We’ve had alpacas for 8-9 years. My husband went to South America when he was a teenager and returned telling his father that they should buy some alpacas. His father was a proud Pembrokeshire sheep farmer and probably thought he would forget about this idea in time. Well, he didn’t! We started researching the animals and their welfare needs soon after we became an item. We stewarded at alpaca shows, met several alpaca breeders and took the plunge. My husband’s knowledge of sheep husbandry came in handy though it has been a steep learning curve. But it has been a wonderful journey and we have had so much fun in their company. I know that our animals have given the local people and holiday makers a great deal of pleasure too, as we live by a road, which is a popular walking route. The alpacas have become celebrities and always oblige to a comical photograph.
Favourites, gosh that’s a hard question. The stock answer is, ‘There are no favourites!’ Truthfully, I have a soft spot for Timmy, because he has an incredible personality.
What impact has having alpacas had on your designs?
My alpaca range is quite separate from my other designs. I want my alpaca range to be completely natural, utilising the amazing colours that alpacas possess, so a different mindset needed, because the colour range is much smaller than in my other designs. The yarn is also very different and requires different techniques. I think I am working doubly hard in my designing process, but I love designing, so it’s not a bad thing!
Teaching is an important part of your life; how did you start teaching and why is it so important to you?
I have always enjoyed teaching – my mother and father were certain that I would end up as a teacher. When I took up the post of co-course leader of the BA Textiles degree at Coleg Sir Gar it reminded me how much I enjoy seeing others have that lightbulb moment when suddenly a technique clicks into place and they are so excited to push it further. It is truly rewarding and exciting to see. I am no longer at Coleg Sir Gar following the arrival of our daughter, Ava, but I didn’t want to stop this aspect of my life which is why I started the knitting machine workshops at my studio. This is truly an important part of my business that I love and I am excited to develop further.
What is particularly inspiring you in your current design work?
Colour and texture are always important aspects of my design process and the ever changing Pembrokeshire landscape provides me with an abundance of inspiration from the magnificent sea cliffs, strata formations, erosion, sand dunes, and the bursts of colour from the costal flowers. Every viewpoint – from the minute detail to the overall landscape – offers an abundance of ideas and patterns to explore on the machine. The hardest part is having the time to explore them all!!
A running thread throughout my designs, having specialised in weaving at college, is giving my knitted fabrics a woven appearance with bold warp threads and marled wefts. I find the prospect of pushing the knitting machine to create unexpected fabrics intriguing and thought provoking and this pushes me to be more experimental and ambitious with the tools and knowledge that I have.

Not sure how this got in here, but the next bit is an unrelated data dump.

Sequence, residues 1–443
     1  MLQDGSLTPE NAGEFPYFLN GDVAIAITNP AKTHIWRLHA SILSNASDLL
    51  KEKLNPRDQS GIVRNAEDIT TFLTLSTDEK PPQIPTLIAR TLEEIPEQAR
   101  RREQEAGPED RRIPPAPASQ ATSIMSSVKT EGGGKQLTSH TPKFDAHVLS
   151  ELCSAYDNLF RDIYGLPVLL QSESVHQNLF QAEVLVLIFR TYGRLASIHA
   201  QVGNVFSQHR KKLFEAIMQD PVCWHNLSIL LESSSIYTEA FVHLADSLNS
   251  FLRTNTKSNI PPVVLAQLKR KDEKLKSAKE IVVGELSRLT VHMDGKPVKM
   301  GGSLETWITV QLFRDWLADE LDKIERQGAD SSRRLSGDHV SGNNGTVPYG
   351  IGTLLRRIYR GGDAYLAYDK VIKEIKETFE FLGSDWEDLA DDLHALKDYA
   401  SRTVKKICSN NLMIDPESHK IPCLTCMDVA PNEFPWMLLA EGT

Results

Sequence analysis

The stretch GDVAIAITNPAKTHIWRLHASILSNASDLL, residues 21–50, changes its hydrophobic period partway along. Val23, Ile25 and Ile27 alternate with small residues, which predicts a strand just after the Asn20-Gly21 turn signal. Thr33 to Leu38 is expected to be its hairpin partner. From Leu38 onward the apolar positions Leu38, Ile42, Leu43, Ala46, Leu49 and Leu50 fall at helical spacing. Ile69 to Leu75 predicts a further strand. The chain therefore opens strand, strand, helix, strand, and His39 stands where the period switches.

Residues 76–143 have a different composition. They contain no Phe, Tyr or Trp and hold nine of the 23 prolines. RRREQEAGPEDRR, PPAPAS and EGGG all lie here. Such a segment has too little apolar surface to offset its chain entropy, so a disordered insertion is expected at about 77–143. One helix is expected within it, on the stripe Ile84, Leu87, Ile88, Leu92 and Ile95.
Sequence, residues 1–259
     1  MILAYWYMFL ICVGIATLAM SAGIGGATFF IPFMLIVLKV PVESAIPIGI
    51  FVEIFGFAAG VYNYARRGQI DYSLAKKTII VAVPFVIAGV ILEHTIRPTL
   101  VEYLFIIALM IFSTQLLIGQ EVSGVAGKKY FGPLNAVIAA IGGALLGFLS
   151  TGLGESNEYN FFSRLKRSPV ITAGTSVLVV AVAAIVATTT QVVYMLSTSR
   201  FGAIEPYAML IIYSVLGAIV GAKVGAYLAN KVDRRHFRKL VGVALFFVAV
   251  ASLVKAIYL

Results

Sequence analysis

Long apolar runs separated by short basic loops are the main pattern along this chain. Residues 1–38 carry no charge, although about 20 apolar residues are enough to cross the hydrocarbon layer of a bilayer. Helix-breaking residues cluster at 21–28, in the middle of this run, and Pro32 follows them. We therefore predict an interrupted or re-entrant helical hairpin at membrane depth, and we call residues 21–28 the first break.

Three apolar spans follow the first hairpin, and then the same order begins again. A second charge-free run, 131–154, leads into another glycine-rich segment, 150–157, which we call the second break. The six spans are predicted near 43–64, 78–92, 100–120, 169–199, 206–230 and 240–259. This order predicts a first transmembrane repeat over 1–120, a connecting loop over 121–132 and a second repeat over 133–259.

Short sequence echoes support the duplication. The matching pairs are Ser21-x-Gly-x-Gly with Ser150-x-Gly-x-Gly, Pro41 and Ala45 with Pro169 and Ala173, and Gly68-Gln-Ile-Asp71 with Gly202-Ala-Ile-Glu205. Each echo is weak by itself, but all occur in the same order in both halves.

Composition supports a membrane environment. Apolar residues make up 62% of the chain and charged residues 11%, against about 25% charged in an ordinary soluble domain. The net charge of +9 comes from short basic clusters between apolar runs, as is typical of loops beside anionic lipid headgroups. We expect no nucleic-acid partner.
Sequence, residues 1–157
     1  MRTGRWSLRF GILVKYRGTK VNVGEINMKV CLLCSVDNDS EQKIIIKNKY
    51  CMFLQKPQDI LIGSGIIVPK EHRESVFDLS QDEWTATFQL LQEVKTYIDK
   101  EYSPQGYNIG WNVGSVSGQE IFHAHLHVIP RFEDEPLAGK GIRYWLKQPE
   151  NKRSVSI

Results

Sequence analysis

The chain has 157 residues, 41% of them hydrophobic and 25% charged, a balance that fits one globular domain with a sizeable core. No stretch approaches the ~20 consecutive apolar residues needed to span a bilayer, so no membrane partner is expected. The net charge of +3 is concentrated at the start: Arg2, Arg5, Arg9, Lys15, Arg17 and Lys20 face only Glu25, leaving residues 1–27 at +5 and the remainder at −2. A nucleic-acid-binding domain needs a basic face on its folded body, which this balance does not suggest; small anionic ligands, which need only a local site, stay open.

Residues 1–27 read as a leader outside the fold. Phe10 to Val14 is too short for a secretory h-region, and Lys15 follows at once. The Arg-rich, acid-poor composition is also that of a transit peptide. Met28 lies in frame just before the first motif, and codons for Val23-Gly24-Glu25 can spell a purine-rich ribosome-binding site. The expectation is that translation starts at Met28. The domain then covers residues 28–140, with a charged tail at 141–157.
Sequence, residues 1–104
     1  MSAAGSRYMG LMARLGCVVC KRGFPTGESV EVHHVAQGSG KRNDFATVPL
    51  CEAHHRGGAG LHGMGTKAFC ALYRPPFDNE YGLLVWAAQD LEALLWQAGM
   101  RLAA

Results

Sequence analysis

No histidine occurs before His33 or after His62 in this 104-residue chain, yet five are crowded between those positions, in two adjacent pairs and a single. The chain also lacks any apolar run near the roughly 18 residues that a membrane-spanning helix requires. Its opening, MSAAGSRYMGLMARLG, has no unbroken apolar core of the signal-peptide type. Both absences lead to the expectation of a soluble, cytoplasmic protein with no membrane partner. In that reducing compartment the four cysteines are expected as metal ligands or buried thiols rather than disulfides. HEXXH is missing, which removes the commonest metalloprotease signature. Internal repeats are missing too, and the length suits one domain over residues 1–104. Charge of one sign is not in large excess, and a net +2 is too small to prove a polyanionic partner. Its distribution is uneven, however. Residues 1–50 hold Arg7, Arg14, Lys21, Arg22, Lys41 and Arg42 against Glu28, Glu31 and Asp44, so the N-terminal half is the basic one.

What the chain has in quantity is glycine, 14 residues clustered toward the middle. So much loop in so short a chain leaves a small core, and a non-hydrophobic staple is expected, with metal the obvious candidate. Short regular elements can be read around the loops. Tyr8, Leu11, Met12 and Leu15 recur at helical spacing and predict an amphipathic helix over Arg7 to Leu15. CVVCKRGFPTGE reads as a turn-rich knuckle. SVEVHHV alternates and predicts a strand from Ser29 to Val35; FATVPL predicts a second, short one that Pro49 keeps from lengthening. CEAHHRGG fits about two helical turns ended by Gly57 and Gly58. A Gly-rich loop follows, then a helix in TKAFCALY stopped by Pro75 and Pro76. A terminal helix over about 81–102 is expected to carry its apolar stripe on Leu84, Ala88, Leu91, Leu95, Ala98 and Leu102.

You have been selling your accessories and homewares for a while and are now starting to offer your garment designs, too. Are there any particular challenges that go along with garment design? What inspired you to start designing garments for your customers this year?
Designing garments has always been a part of my plan and with the exciting development of having our own alpaca yarn I felt it was the perfect time to really show off this luxurious fibre. It has a beautiful lustre and handle and hangs beautifully – all qualities that lend themselves to garments. That being said, designing garments is not an easy task. Before you even begin you have to familiarise yourself with the yarn – see how it washes, how it handles, and then calculate a tension swatch which will form the basis of all your calculations. The tension swatch is critical as it can make the difference between a cropped top or a dress!! I haven’t even yet talked about designing the garment shape which is also a huge undertaking and takes many attempts until I can sign it off as being complete. But these obstacles and challenges make it even more worthwhile and exciting when you see an idea come together after so much sampling and trialling to get it to the end product customers see.
There are a lot of new developments ahead for the Sian O’Doherty brand! What are you especially excited about in the coming twelve months?
It has been a brilliant time for me personally with the birth of my daughter and her development over the last fifteen months. It is also a really exciting time for the business. I have so many ideas, I just wish the days were longer. We have just finished building our new classroom, which will enable more workshops to be taught from Ash Farm. Workshops in ceramics, hand-spinning, machine stitch, willow weaving are just a few that will being making good use of the space.
Our alpaca herd is growing as well, so I’m really excited about how the alpaca range will develop, with several new arrivals -including babies! – due this year. I am excited to see how customers use the new range of alpaca yarn for hand knitters as well as machine knitters. I’m also developing new lambswool/cashmere designs, as well as more alpaca products for in 2019.